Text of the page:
Hillary Atkin

‘Voices of Aushwitz,’ Powerful Documentary, Tonight on CNN

Jan 28, 2015

They were just children. Four of them, three girls and a boy, growing up more than seven decades ago in upper or middle-class families, surrounded by arts and culture, without many cares in the world.

And then, unspeakable horror. Uprooted from their lives and torn from their families, they found themselves at the world’s most notorious death camp, Auschwitz, trapped in the gruesomely efficient Nazi killing apparatus, where 1.1 million people were murdered during World War II.

Each somehow found a way to survive, whether through sheer inner strength or being plucked from certain death in the gas chambers because of their budding talents. One was a musician, another a fashion designer, another a tailor. The other was a twin, whom the infamously sadistic Dr. Joseph Mengele experimented upon.

70 years to the day after Auschwitz was liberated by Allied troops, these four incredibly resilient survivors tell their stories to CNN’s Wolf Blitzer in “Voices of Auschwitz,” a one-hour documentary.

Viewers will meet Eva Kor, Martin Greenfield, Renee Firestone and Anita Lasker-Wallfisch and hear their remarkable tales of living through the hell on earth that was Auschwitz.

“I never knew it was a problem to be Jewish,” Kor tells Blitzer, as they stand near the tracks where Kor, her mother and her sister Miriam and tens of thousands of others disembarked into the concentration camp. Amidst confusion and chaos, they entered under the infamous sign that bears the motto “Arbeit Macht Frei,” which translates into “Work Will Set You Free.”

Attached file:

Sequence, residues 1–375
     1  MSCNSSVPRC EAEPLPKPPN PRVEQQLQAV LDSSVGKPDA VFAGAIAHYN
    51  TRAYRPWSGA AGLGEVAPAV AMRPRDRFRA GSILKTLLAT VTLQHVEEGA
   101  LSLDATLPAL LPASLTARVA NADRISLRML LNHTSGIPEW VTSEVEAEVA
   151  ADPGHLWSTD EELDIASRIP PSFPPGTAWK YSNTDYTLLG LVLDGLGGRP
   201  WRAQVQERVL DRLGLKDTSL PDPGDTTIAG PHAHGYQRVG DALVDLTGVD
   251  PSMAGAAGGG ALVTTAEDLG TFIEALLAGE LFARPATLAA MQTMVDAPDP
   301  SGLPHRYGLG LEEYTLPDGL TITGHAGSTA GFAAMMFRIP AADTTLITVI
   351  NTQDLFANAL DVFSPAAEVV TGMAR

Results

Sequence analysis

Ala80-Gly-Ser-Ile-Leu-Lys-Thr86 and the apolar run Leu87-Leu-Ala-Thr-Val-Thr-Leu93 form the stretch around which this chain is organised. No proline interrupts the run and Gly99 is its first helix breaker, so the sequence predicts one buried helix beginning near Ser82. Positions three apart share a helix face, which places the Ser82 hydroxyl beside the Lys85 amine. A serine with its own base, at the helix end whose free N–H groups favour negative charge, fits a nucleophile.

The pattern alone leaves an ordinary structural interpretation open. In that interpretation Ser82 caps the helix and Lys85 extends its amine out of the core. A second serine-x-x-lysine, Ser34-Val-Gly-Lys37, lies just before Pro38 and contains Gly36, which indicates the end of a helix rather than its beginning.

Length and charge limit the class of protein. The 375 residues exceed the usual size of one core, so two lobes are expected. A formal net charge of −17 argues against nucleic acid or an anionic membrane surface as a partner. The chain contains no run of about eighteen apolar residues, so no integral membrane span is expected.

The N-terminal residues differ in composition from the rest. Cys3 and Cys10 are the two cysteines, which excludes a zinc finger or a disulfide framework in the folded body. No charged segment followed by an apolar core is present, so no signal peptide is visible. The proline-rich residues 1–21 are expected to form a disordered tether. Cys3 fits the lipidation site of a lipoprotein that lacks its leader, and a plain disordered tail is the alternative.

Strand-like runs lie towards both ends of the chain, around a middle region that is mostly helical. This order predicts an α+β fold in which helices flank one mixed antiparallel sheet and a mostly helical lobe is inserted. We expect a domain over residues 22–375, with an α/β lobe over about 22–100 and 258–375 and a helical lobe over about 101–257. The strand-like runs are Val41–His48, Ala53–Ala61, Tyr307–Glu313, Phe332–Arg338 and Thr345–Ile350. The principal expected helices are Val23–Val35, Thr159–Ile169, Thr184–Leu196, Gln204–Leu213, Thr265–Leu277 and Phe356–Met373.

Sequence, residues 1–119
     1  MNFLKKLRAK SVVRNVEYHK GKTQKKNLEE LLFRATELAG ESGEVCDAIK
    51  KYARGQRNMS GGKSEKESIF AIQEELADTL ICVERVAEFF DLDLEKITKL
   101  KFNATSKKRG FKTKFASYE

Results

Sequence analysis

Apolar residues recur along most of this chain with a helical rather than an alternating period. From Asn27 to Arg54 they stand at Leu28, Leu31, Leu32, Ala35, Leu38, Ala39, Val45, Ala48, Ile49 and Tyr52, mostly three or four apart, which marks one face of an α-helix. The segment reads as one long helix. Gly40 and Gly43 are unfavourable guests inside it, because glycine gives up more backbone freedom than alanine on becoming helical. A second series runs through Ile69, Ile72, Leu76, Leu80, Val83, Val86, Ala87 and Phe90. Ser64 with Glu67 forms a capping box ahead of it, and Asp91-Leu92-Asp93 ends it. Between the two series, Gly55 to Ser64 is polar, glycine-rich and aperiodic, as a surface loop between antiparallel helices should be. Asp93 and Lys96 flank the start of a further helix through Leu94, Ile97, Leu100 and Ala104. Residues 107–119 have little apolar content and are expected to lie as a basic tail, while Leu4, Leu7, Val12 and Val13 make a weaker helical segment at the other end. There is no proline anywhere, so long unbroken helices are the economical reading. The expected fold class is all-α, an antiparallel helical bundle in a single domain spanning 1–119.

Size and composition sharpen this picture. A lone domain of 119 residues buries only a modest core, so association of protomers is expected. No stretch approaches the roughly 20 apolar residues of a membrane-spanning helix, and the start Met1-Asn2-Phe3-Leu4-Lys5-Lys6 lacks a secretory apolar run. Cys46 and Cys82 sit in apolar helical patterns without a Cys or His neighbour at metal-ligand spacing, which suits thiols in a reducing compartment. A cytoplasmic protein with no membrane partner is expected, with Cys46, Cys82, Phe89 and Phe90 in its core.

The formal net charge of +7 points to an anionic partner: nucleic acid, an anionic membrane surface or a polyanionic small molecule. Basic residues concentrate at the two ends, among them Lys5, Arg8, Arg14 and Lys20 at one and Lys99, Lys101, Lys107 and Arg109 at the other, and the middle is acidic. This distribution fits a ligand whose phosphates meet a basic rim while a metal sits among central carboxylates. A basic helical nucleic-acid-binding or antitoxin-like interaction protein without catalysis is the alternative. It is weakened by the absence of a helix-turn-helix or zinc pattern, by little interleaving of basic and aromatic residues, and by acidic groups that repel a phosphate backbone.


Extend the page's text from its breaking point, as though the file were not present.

That day on the selection platform was the last time Kor would see her mother, who was sent directly to the gas chamber.

For the next nine months, Eva and her sister Miriam were housed in a rat-and lice-infested bunk with 300 other children and subjected to medical experiments daily. They were forced to stand naked for eight hours at a time. She recalls Mengele’s sadistic laugh.

Despite the daily torture, Eva was determined to survive, telling Blitzer, “I was not going to perish here in Auschwitz.” When liberation finally came on January 27, 1945, at 4:30 p.m., Eva and Miriam were at the front of the line as the children were led out of Auschwitz. There’s a photo of them being led to freedom, which she poses with, but says she doesn’t remember being at the front of the parade, just the joy of being liberated.

The three other survivors also tell their stories of torture, loss, hopelessness and, finally, liberation and survival.

Firestone’s skills at drawing evening gown designs and being a seamstress spared her from the gas chamber. Similarly, Greenfield was recruited as a tailor, after his original job laundering Gestapo uniforms. And Lasker-Wallfisch was spared because she could play the cello and was put into a makeshift orchestra.

All went on to use those skills in life-long careers.

“I am not possessed by fear and anger—and that is a victory,” says Lasker-Wallfisch, while Firestone admits, “I’m in shock and awe and amazement that I’m still here. I wake up with it, I go to sleep with it,” she says of her nightmarish imprisonment at Auschwitz.

Preserving the stories of these and other survivors is the mission of the Shoah Foundation, and Blitzer talks to its founder, director Steven Spielberg, about the project’s genesis, which was inspired while he was making 1993’s “Schindler’s List.” An extra on the Holocaust film came up to him and asked if he had a tape recorder to record her own personal story of survival.

“This will be the last significant commemoration,” Spielberg says of the 70th anniversary of Auschwitz’s liberation. “But all the survivors will become teachers in perpetuity.”

(“Voices of Auschwitz” premieres on CNN tonight, Wednesday, January 28 at 9 p.m. ET.)


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